Problems detected in WHO’s post-vaccination philosophy

It does not address children's safety, say critics

By DTE Staff
Published: Wednesday 05 July 2017
Credit: Flickr__

The World Health Organization (WHO)’s new methodology to classify adverse events following immunization (AEFI) has been called into doubt by two Indian medical personnel over the fact that it does not address children’s safety.

According to the WHO’s website, AEFI is any untoward medical occurrence which follows immunisation and which does not necessarily have a causal relationship with the usage of the vaccine. If not rapidly and effectively dealt with, it can undermine confidence in a vaccine and ultimately have dramatic consequences for immunisation coverage and disease incidence.

The WHO redefined “cause and effect” in AEFI in March, 2013. According to the revised AEFI Manual, the term “causal association” refers to “a cause and effect relationship between causative factor and a disease with no other factor intervening in the processes”. This would mean that AEFI in children with an underlying heart disease who may develop symptoms of cardiac de-compensation after vaccination (due to a vaccine-caused elevation in temperature or stress from a local reaction at the site of vaccination), would not be considered causally related to the vaccine although vaccination contributed to cardiac failure in this specific situation.

In a letter published on July 4 in the prestigious Indian Journal of Medical Ethics, Jacob Puliyel, a pediatrician and member of the National Technical Advisory Group on Immunisation, and Anant Phadke, an executive member of the All India Drug Action Network have expressed their concerns over the new system for classifying AEFI.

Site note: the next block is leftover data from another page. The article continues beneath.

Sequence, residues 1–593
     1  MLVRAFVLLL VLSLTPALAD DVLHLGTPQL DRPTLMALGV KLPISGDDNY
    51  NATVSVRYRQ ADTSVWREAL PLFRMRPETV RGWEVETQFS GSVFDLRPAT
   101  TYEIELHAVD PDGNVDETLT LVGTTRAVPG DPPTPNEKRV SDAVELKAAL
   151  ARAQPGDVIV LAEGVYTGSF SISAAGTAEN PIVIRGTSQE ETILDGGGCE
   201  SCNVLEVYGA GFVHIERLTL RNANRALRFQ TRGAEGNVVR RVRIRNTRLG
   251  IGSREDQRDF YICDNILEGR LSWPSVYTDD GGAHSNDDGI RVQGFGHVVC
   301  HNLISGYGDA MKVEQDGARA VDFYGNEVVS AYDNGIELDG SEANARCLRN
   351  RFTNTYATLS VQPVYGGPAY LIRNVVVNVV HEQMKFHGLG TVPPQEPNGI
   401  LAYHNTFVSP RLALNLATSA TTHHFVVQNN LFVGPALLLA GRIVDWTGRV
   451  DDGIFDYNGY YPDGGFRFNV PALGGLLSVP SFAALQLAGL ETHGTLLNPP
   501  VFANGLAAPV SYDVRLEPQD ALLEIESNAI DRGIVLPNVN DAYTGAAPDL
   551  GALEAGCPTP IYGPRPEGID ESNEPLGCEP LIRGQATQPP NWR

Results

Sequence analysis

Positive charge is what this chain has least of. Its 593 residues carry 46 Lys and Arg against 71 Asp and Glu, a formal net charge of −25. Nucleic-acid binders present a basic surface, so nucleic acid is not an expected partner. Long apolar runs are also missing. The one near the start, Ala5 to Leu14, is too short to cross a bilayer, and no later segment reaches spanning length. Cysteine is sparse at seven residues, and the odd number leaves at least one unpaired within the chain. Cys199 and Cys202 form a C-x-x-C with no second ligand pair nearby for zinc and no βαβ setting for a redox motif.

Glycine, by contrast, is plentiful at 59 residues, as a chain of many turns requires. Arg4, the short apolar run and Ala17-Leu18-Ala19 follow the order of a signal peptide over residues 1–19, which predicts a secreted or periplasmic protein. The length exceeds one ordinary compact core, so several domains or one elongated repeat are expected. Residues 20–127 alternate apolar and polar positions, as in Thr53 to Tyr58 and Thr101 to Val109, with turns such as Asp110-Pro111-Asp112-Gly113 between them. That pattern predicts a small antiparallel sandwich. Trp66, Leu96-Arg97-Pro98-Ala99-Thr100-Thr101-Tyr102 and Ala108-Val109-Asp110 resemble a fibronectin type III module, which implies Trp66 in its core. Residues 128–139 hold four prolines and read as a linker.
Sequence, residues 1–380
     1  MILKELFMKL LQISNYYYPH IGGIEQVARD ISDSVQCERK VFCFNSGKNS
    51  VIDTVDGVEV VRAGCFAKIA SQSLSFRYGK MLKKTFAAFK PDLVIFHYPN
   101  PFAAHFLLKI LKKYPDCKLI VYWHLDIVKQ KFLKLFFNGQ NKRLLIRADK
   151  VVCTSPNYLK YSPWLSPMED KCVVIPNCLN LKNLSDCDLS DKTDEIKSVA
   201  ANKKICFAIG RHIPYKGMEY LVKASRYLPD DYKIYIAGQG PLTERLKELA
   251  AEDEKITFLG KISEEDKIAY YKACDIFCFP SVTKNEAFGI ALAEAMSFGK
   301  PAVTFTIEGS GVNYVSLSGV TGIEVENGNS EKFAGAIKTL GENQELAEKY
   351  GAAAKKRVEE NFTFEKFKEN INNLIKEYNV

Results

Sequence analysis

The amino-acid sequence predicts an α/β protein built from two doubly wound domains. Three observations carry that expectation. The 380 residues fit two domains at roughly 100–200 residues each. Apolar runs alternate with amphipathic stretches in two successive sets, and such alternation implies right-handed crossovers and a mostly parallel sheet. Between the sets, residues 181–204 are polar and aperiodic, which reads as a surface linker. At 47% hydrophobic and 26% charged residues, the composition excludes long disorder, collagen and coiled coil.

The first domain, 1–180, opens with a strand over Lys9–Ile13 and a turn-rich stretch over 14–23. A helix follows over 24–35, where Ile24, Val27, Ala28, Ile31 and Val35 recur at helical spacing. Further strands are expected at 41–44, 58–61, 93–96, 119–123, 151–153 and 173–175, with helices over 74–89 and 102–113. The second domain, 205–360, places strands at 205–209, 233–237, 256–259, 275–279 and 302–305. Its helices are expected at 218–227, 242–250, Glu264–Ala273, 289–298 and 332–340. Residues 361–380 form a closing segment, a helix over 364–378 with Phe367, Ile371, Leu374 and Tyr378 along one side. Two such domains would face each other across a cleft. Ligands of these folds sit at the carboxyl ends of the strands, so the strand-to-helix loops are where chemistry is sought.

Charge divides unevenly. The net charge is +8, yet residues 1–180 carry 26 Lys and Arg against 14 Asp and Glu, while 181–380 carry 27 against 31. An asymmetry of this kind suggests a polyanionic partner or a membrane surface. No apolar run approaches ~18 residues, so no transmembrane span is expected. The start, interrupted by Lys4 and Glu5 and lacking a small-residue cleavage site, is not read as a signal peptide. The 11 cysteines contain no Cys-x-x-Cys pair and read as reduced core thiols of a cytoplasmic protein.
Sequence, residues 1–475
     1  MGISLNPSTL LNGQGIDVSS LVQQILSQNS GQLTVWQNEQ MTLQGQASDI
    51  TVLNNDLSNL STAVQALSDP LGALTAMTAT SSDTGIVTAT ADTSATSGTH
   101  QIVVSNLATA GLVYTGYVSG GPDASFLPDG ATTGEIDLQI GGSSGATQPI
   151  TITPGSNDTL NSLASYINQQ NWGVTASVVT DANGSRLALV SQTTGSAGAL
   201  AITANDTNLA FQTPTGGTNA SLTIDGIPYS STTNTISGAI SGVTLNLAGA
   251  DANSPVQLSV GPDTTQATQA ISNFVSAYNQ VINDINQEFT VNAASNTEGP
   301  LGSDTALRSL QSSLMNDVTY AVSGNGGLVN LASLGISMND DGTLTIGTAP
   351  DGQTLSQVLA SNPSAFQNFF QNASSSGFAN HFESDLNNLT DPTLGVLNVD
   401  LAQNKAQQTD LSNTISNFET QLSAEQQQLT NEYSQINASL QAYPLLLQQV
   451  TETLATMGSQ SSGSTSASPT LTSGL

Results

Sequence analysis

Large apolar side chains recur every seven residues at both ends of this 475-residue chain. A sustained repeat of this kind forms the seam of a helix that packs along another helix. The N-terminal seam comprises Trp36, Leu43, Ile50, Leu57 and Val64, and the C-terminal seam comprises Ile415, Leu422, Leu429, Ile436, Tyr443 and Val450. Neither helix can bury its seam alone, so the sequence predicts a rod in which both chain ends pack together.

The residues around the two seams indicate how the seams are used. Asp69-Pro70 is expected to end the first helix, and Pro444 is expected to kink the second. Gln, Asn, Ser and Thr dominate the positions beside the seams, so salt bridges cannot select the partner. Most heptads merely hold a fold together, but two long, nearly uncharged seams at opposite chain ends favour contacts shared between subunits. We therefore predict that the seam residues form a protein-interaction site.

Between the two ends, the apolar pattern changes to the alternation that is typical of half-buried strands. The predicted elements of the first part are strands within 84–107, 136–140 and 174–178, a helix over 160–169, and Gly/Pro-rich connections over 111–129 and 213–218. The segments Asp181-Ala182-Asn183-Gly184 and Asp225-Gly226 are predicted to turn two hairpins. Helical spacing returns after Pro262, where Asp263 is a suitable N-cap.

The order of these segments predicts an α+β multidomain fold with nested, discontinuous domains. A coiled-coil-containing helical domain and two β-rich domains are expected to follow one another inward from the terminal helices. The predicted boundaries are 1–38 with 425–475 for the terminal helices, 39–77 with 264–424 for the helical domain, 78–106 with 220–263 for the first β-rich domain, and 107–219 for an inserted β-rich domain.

According to them, WHO's new classification, in essence, implies that no death can result from vaccination and, if any death does occur, it is  only coincidental and not due to the vaccine.

“By simply denying deaths, the new AEFI classification is liable to miss the safety signals and therefore potential dangers with new vaccines.”

Puliyel and Phadke point out that the consequences of using the new classification have been illustrated starkly in the causality assessment of 132 serious AEFI cases uploaded on the website of the Union Ministry of Health and Family Welfare in India. Of these 132 babies, 54 died and 78 survived. Among those who survived, the causality assessment shows that there were nearly 50 per cent instances of reactions to the vaccine. On the other hand, not even one death was classified as vaccine-related.  Ninety-six per cent deaths were simply classified as “unclassifiable” or “coincidental”.

“The resulting paradox is evident,” Puliyel and Phadke point out. “If a child is admitted to hospital with intractable convulsions after vaccination, and survives, the reaction could be classified as vaccine-product–related. But if it dies, it will be classified as ‘coincidental death’”.

"In view of the above, it is necessary that the WHO's AEFI manual be revaluated and revised urgently,” Puliyel and Phadke say, pointing out that AEFI reporting is meant to ensure that vaccines given to children are safe.

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